Area characterisation

The Lower Danube demonstration site spans between Zimnicea and Calafat, starting at approximately 500 km upstream the Danube mouths, representing the border between Romania (on the left side) and Bulgaria (on the right side). The area is characterized by complex morphology and with different types of banks: on the left side low bank, exposed to erosion and on the right side high bank more stable. It covers around 800Km2 of land and includes two areas of confluence with two important tributaries: Jiu River (generally natural) and Olt River (a river with dams, hydropower plants and artificial lakes, that are concentrating pollutants inside the sediment bead).

The Lower Danube demo case includes both urban and rural areas as well as two Natura 2000 sites - ROSPA0010 Bistret (1.916 Ha) and ROSCI0039 Ciuperceni- Desa, including ROSPA0013 Calafat  - Ciuperceni - Danube, Ciuperceni - Desa , Balta Lată, Balta Neagră (29.206 Ha).

 The Lower Danube region is an important European wetland ecosystem that has lost nearly 80% of its wetlands in the last century due to attempts at river dredging, land reclamation and flood control (source: www.icpdr.org). Anthropic interventions along the Danube river water course, such as construction of the hydropower’s Iron Gates I Lake and Iron Gates II Lake (artificial lakes) and along its banks through embankment, have generated high bank erosion processes, floods and droughts, as well as changes of the riverbed with negative impact on navigation. So today, there are problems with desertification areas – the area of Dăbuleni is called: ”Sahara of Oltenia”, with floods –  starting with the severe one in 2006 – that had impact along the whole Lower Danube (see below picture) and the ones occurring when Danube flow is too high in rainy spring.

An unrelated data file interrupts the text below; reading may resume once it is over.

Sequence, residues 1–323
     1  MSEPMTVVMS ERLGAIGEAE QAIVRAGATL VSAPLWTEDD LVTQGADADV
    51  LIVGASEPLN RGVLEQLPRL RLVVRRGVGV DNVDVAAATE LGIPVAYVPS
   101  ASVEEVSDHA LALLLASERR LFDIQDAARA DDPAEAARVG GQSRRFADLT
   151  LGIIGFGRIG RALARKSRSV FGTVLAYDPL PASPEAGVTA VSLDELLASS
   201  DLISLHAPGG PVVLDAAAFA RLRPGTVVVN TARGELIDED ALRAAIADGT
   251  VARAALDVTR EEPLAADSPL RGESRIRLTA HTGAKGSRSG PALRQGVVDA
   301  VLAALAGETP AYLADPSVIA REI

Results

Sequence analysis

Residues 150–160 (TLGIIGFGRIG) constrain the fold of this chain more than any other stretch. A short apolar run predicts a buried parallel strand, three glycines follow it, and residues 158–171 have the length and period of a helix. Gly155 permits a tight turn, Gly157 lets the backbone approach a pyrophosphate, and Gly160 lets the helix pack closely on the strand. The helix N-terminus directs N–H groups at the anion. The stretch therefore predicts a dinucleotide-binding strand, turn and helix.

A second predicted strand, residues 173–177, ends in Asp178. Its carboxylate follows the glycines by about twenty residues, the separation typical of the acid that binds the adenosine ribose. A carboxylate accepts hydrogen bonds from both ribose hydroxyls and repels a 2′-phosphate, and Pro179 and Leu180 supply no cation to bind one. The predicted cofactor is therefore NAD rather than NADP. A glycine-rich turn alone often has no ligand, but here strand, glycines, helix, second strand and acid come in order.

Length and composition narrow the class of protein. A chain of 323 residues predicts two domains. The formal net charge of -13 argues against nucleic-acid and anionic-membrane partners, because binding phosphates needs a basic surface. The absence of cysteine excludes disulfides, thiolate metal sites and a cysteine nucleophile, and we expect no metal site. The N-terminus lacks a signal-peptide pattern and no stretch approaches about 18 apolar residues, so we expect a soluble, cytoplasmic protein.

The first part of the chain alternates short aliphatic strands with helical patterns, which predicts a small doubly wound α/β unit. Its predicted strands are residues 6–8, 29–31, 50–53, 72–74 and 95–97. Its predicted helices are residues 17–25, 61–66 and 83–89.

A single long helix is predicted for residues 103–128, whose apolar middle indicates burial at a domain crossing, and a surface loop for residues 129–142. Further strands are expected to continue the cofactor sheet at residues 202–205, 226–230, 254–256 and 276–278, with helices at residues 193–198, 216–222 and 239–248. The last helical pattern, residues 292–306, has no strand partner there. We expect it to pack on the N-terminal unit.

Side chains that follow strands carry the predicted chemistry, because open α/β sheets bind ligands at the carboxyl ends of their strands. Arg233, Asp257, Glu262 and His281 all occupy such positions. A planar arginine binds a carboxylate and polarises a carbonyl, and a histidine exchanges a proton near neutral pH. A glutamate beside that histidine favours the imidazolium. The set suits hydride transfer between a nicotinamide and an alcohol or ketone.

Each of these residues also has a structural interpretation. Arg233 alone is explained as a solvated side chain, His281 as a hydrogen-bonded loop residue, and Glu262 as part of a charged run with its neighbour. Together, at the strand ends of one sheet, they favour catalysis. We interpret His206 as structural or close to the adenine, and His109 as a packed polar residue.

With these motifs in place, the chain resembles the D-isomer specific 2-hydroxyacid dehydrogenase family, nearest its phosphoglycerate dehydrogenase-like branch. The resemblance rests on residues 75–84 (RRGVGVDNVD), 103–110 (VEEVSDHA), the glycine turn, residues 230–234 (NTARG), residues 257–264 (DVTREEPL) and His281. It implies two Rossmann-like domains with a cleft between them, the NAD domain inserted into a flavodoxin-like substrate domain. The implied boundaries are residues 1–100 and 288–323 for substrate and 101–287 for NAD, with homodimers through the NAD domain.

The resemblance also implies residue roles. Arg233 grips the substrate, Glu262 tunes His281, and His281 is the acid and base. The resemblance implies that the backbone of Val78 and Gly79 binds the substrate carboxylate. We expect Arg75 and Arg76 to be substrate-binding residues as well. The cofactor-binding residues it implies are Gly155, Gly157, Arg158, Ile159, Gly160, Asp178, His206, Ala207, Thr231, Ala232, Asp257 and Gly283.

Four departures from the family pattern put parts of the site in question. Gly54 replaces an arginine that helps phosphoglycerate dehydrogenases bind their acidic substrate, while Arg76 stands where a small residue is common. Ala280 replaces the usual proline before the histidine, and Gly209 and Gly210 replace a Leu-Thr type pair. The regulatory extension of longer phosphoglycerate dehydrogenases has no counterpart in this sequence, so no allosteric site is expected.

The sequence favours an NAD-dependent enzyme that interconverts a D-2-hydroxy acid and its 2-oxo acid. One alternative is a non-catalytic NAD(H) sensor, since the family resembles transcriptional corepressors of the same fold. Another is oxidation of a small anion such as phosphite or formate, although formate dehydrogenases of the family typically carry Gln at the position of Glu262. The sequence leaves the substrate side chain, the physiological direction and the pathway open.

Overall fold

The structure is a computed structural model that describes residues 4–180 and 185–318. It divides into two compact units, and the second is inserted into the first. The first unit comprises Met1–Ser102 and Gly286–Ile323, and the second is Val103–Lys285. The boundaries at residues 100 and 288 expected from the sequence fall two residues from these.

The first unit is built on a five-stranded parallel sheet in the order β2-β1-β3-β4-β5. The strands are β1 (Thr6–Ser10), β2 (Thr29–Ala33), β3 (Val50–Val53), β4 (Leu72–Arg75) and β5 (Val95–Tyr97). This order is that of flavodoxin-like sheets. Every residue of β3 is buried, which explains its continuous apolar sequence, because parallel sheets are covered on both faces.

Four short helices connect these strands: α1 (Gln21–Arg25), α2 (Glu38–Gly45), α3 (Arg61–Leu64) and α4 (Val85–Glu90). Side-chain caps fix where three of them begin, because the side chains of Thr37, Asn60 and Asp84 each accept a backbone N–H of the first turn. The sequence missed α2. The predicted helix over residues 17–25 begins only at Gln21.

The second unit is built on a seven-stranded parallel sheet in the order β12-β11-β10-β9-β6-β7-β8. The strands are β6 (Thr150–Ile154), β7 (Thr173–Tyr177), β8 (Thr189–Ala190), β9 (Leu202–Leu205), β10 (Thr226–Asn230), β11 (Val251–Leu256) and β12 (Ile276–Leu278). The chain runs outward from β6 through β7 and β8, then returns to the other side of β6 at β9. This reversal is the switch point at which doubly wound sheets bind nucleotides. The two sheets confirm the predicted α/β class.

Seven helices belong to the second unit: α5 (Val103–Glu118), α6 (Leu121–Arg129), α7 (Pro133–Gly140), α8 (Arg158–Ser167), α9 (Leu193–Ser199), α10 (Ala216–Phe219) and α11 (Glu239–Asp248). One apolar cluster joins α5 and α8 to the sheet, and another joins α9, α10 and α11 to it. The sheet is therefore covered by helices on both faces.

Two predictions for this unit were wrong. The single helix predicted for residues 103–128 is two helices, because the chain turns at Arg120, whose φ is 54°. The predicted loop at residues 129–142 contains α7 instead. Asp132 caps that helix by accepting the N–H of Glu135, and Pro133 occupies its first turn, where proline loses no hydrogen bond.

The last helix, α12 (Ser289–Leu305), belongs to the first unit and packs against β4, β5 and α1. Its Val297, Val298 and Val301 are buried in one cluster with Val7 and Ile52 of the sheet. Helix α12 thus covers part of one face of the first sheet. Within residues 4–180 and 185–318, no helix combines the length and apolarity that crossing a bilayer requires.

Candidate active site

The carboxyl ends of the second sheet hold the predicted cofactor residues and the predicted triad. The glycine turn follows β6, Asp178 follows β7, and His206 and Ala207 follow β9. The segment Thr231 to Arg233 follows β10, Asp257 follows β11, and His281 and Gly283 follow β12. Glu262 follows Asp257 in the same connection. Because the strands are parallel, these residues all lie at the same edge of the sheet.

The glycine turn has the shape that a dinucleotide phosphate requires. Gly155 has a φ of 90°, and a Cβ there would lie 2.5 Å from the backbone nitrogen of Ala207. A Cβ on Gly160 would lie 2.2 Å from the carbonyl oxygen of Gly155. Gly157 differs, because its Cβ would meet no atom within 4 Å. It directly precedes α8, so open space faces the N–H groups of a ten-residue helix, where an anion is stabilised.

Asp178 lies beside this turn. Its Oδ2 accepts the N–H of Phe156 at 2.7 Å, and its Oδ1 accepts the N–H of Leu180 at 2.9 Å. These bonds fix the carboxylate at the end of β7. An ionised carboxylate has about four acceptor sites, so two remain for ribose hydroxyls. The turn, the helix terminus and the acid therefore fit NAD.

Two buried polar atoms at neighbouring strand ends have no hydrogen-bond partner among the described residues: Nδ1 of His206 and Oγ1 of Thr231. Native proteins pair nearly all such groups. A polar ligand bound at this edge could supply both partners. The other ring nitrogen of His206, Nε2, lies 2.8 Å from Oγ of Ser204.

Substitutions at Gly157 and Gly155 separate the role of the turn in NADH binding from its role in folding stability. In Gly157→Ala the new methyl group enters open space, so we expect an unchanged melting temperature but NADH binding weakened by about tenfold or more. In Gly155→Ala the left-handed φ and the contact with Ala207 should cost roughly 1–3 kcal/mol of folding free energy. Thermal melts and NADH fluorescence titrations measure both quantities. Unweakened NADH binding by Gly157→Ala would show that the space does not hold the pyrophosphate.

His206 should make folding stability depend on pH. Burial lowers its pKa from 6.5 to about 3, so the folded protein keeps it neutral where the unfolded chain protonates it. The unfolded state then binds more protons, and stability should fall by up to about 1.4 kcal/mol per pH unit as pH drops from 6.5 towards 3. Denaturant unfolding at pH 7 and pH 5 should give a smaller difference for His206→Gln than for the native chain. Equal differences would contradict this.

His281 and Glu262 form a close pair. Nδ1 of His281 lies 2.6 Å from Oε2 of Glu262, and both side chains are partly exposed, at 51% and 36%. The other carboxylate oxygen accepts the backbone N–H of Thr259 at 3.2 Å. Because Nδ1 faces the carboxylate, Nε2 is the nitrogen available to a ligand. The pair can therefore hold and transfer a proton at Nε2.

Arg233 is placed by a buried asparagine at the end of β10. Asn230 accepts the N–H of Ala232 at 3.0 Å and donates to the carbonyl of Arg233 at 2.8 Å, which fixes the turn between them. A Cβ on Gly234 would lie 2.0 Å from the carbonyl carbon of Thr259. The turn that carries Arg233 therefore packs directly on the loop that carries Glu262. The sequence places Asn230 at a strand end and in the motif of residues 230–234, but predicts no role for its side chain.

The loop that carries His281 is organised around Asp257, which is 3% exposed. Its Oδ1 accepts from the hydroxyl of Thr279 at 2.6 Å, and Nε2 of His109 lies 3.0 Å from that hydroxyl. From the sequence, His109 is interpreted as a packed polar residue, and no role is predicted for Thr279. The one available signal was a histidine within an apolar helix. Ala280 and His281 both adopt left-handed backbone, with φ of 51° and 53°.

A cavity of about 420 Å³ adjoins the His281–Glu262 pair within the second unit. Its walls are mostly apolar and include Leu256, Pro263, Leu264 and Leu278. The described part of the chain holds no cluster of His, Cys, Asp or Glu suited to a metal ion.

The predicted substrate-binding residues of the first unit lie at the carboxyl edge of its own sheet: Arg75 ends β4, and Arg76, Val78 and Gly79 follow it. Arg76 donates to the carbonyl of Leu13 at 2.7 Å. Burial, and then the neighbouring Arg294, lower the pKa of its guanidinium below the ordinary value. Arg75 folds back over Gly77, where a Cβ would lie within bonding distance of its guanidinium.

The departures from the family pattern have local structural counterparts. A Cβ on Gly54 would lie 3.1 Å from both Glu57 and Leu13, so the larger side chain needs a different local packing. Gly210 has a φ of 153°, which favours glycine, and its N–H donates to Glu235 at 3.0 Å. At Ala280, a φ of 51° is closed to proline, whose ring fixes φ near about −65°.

Romania faces two main challenges when it comes to water risks mitigation:

  • firstly, its multilevel governance is based on a complex legal framework (with over-regulation through the secondary and tertiary levels of legislation), which impacts the disaster reduction measures generally,
  • Secondly, a high number of stakeholders with very diverse profiles, restricted legal competencies and limited technical expertise who lack awareness of ecosystem services and their insurance potential.

The generalized top-down approach creates dependency on centralized interventions and generates a lack of a long-term vision required for an acknowledgement of the value of NBS and green infrastructure services. This results in ambiguity for water-related risks awareness and lack of efficient prevention actions at a local level.

Objective